Want to better understand the memory process? This lesson explores why memory is so important, how memory works, and what happens when memory breaks down. You will also learn about the three types of memory: working memory, short-term memory, and long-term memory.
Problem-Solving for Academic Performance
Now that you understand how ADHD affects activation, attention, impulsivity, and memory, you can focus in on how ADHD impacts school performance. In this lesson, you will learn more about this issue, and explore a strength-based problem-solving model that you can use across the curriculum.
Classroom Beliefs and Rules
How do you incorporate learning strategies for students with ADHD while still addressing the other students’ needs in the classroom? This is what this lesson focuses on. You will learn how to create an inclusive classroom that accommodates all student’s needs, and how to treat all students fairly.
Preplanning and Facilitating an ADHD-Friendly Classroom
This lesson focuses on specific materials teachers can develop prior to the opening of school, to prepare for the effective inclusion of students with ADHD. Then there are the teaching tools to use during lessons, to help students with ADHD stay engaged and on task.
In your final lesson, you will learn how students can take all of the tools you teach them and use them to their advantage. You will also meet a high school junior, who will share how he improves his self-knowledge, how he compensates for his ADHD, and the strategies he uses to succeed in school.
Prerequisites / Requirements
There are no prerequisites to take this course.
- This course can be taken on either a PC or Mac device.
- PC: Windows XP or later.
- Mac: OS X Snow Leopard 10.6 or later.
- Browser: The latest version of Google Chrome or Mozilla Firefox are preferred. Microsoft Edge and Safari are also compatible.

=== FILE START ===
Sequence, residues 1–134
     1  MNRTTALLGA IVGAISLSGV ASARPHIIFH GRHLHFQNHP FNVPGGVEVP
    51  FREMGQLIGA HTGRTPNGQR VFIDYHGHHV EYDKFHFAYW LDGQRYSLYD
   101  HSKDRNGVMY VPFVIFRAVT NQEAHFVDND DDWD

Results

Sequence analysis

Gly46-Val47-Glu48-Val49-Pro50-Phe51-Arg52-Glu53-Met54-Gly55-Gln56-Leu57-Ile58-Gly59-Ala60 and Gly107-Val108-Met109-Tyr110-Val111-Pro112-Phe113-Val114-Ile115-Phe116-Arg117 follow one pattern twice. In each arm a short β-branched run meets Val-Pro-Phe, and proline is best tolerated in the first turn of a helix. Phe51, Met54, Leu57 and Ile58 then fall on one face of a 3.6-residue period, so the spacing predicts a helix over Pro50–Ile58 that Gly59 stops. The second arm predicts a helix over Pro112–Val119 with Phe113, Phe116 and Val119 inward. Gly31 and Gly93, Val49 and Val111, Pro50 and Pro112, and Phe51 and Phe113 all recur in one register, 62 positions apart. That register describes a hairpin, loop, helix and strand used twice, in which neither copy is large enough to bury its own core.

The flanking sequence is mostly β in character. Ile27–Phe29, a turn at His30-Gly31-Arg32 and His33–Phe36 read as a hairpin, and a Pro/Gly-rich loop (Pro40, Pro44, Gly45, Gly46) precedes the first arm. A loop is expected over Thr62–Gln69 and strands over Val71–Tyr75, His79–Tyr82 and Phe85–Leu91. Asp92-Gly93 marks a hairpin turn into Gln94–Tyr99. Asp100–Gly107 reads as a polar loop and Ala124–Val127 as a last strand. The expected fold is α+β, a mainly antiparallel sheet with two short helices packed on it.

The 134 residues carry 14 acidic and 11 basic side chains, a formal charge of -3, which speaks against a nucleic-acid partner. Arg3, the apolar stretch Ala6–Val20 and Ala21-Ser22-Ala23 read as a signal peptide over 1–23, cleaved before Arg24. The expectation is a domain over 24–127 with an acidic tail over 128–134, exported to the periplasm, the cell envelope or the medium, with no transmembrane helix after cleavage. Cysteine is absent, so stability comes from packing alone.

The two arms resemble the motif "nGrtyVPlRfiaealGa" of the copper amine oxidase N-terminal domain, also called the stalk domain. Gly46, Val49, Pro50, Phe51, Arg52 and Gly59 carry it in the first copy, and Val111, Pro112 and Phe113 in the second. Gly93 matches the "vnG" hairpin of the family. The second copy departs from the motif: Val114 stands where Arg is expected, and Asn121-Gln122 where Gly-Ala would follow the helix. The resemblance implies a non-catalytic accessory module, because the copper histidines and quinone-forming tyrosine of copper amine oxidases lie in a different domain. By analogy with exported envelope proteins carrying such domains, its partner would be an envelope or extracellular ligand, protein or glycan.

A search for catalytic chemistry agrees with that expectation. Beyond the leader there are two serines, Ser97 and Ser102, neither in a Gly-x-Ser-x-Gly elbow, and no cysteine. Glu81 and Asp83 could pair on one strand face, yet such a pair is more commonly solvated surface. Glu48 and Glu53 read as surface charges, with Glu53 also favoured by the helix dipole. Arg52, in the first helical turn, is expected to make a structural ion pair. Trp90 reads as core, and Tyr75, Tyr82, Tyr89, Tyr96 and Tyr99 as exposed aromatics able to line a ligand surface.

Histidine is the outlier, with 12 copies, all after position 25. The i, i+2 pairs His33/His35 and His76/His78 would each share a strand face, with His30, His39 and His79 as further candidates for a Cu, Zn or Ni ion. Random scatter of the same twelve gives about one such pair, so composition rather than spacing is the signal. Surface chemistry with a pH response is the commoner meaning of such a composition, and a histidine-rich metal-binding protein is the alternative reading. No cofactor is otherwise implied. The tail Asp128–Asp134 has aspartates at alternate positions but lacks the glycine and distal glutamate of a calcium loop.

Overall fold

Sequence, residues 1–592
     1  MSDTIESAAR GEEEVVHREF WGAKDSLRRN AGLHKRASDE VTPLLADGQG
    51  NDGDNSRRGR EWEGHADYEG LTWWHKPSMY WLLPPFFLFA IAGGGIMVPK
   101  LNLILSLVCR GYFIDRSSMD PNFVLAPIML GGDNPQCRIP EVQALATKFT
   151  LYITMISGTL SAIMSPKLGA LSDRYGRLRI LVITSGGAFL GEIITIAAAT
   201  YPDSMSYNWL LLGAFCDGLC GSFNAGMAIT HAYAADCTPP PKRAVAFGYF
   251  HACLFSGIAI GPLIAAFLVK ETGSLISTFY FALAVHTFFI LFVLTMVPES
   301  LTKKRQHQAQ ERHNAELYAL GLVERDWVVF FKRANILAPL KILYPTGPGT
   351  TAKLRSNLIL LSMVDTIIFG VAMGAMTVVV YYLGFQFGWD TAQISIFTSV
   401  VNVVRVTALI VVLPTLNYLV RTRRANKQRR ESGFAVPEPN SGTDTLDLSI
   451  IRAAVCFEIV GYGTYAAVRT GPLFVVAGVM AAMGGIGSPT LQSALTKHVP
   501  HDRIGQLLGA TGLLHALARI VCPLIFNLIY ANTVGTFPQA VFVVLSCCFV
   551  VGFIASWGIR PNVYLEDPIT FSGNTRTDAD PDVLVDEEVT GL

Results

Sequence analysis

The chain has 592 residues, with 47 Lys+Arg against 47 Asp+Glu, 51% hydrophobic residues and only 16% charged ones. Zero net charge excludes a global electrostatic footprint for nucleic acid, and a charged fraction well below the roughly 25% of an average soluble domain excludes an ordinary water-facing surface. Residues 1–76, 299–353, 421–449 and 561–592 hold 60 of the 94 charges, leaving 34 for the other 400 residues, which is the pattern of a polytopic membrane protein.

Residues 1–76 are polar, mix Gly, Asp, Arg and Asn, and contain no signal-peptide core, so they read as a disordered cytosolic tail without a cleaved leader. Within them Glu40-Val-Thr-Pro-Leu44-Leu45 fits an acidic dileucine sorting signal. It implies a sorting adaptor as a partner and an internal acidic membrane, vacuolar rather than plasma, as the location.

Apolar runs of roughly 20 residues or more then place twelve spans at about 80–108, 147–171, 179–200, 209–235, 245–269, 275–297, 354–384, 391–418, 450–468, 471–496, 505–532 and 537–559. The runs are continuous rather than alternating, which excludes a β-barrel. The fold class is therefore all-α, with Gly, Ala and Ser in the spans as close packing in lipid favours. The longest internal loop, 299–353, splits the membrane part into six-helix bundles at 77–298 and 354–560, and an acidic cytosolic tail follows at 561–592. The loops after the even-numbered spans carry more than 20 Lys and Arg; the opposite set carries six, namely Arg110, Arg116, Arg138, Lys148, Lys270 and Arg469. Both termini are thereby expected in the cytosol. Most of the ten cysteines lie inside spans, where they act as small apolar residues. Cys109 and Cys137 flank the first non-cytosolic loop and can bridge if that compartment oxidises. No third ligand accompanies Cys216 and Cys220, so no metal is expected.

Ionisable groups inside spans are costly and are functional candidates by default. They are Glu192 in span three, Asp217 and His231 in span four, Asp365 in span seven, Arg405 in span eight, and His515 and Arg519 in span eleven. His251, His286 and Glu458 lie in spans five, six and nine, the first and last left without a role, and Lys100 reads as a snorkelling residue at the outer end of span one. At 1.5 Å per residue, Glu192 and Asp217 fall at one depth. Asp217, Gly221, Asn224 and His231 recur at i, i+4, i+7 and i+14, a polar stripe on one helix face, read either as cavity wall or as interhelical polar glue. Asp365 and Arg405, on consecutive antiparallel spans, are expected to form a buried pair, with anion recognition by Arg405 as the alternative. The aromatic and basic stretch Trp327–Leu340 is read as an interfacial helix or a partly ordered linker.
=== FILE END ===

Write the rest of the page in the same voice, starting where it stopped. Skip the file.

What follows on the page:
- Adobe Flash Player. Click here to download the Flash Player.
- Adobe Acrobat Reader. Click here to download the Acrobat Reader.
- Software must be installed and fully operational before the course begins.
- Email capabilities and access to a personal email account.
When can I get started?
Instructor-Led: A new session of each course begins each month. Please refer to the session start dates for scheduling.
Self-Paced: You can start this course at any time your schedule permits.
How does it work?
Instructor-Led: Once a session starts, two lessons will be released each week, for the 6 week duration of your course. You will have access to all previously released lessons until the course ends.
Self-Paced: You have three-month access to the course. After enrolling, you can learn and complete the course at your own pace, within the allotted access period.
How long do I have to complete each lesson?
Instructor-Led: The interactive discussion area for each lesson automatically closes 2 weeks after each lesson is released, so you’re encouraged to complete each lesson within two weeks of its release.
Self-Paced: There is no time limit to complete each lesson, other than completing all lessons before your three-month access.
What if I need an extension?
Instructor-Led: The Final Exam will be released on the same day as the last lesson. Once the Final Exam has been released, you will have 2 weeks plus 10 days to complete the Final and finish any remaining lessons in your course. No further extensions can be provided beyond these 10 days.
Self-Paced: Because this course is self-paced, no extensions will be granted after the start of your enrollment.